Diversity is good. If we take all our classes with colleagues of similar interest and knowledge, will we be stretched? Will we create an understanding of the current situation in our schools? Of what supports are needed for change? Instead we may define readiness for change inappropriately.

Face to face? A big challenge for me is that I need to be in Saskatoon – a 7-hour drive from my home. Online is more convenient. However, today the small group work was about challenging each others’ research questions (in a good way, for improvement) and analyzing academic papers for reporting out. That would have been a difficult exercise online. So much so, that it would need to have been re-designed.

What I most discovered is that face to face is less personal. The classwork, timing, and instruction were determined for us. You couldn’t spend longer on a particular concept, you couldn’t post a thought for feedback – this was not about personalized learning. I came face to face (pun intended) with the challenge of the classroom teacher in pushing the required curriculum. There I sat, bored with the concepts I understood (thank you backchannel for saving me) and frustrated with the concepts I didn’t. Ouch.

In the end, I learned as much today about instructional design and personalized learning as I did about research methodology. That makes it a good day. For something completely different.

Oklahoma Blogger
Originally uploaded by
Wes Fryer

A key learning this year has been about blogging. I had started a diary when I began my Master’s work, but was initially reluctant to share it with the world. This course – EC&I831 – required that we blog about our journey.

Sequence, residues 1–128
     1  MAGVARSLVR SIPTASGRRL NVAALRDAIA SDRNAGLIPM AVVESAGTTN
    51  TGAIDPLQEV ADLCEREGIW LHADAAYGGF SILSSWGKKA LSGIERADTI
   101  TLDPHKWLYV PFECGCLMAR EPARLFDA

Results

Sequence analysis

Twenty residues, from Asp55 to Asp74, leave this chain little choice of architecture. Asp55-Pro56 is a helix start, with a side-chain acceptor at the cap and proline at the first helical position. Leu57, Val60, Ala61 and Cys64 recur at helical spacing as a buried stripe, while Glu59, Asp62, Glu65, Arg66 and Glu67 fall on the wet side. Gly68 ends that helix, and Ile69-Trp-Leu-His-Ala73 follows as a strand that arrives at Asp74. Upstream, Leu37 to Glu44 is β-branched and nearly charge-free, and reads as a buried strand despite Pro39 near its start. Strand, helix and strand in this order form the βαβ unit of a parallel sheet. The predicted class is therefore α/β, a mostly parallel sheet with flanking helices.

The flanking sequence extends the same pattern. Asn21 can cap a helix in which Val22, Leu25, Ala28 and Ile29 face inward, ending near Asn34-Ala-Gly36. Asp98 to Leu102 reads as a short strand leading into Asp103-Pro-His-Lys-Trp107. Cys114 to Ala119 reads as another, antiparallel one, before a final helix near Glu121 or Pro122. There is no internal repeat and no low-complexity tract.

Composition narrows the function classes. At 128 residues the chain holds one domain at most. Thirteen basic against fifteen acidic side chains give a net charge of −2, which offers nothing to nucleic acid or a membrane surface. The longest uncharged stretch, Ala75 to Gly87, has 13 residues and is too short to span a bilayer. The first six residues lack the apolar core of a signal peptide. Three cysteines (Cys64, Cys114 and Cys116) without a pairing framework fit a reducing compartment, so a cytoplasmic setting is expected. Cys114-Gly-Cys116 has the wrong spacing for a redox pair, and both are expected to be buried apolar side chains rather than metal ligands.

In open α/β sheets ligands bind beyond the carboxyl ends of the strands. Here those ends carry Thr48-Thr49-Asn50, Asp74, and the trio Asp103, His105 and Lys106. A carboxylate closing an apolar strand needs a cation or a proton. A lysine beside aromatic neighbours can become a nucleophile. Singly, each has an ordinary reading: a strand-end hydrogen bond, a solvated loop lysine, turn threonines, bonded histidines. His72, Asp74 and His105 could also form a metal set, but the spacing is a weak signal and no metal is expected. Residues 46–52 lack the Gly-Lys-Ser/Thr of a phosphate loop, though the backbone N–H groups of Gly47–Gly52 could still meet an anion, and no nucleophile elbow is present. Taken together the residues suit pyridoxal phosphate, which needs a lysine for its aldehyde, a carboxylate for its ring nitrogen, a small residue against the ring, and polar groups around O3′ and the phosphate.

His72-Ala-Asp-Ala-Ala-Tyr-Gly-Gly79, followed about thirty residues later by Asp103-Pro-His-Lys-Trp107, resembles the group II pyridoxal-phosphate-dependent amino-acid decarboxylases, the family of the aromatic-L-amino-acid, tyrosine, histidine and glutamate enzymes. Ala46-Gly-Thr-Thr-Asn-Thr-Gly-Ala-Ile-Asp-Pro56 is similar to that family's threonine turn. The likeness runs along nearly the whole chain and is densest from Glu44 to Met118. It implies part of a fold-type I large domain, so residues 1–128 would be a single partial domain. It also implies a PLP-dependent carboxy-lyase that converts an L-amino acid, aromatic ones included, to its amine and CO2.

And as we have meandered into the edublogosphere with our writing, there has been cultural, technical, and organizational learning happening.

  • Cultural
    There is an etiquette afoot in this community. It’s not a hidden-rule community, just one of ethics and respect. Part of the respect is to comment on others’ writing with two purposes in mind. First to engage others in conversation. And second to extend your own and others’ thinking and understanding.
  • Technical
    There have been several learnings on this front. Learning some basic html tagging has helped greatly in preparing posts. I turned off the visual editor (which created havoc in my postings if I switched between the two) and often write tags from scratch. My latest learning came via a Google Groups call to our class and Angie responded with a great link describing the difference between a tag and a category. FromThe Edublogger came:

    Categories are like chapters of a book; they provide a general overview of the topics you blog about. Whereas tags are more like the index at the back of the book and explode the topic into a million bits.

    You can choose one or the other or both.

  • Organizational
    Little did we know when we started entering the Edublogosphere that there would be so many great posts to read that would influence our thinking. Alec introduced us to feed readers at the first opportunity, and while I scoffed initially, thinking iGoogle was all the organization I needed, I have come to fully appreciate my feed reader. Whether it’s Google Reader, Bloglines, FeedDemon, or another of your choice, a reader is critical to your ability to manage the flow of great reading.

What a gift to be able to use technology to connect with others that may share the same passion but do not always agree. From dissonance comes understanding and growth. This is the gift of the edublogosphere.

Another frontier in my journey to Web 2.0. My name is Bip Wylie. For those of you who know me as rdrunner, there is some relationship between the two names. A virtual latte if you figure it out.

Thanks to Jeff Kurka, getting in started in SL was relatively painless. Jeff… er Kirk and I are in the same grad class and his class project is to create support for newbies in Moodle (which he will eventually port to Sloodle). Getting an account and downloading the software all went without a hitch.

From there it was a bumpy start. My laptop runs Vista and I wasn’t able to get past the login screen. I did a bit of trouble-shooting – system requirements, re-installed s/w – then gave up and moved over to my T&T (tried and trusty) Mac. It worked and I was in!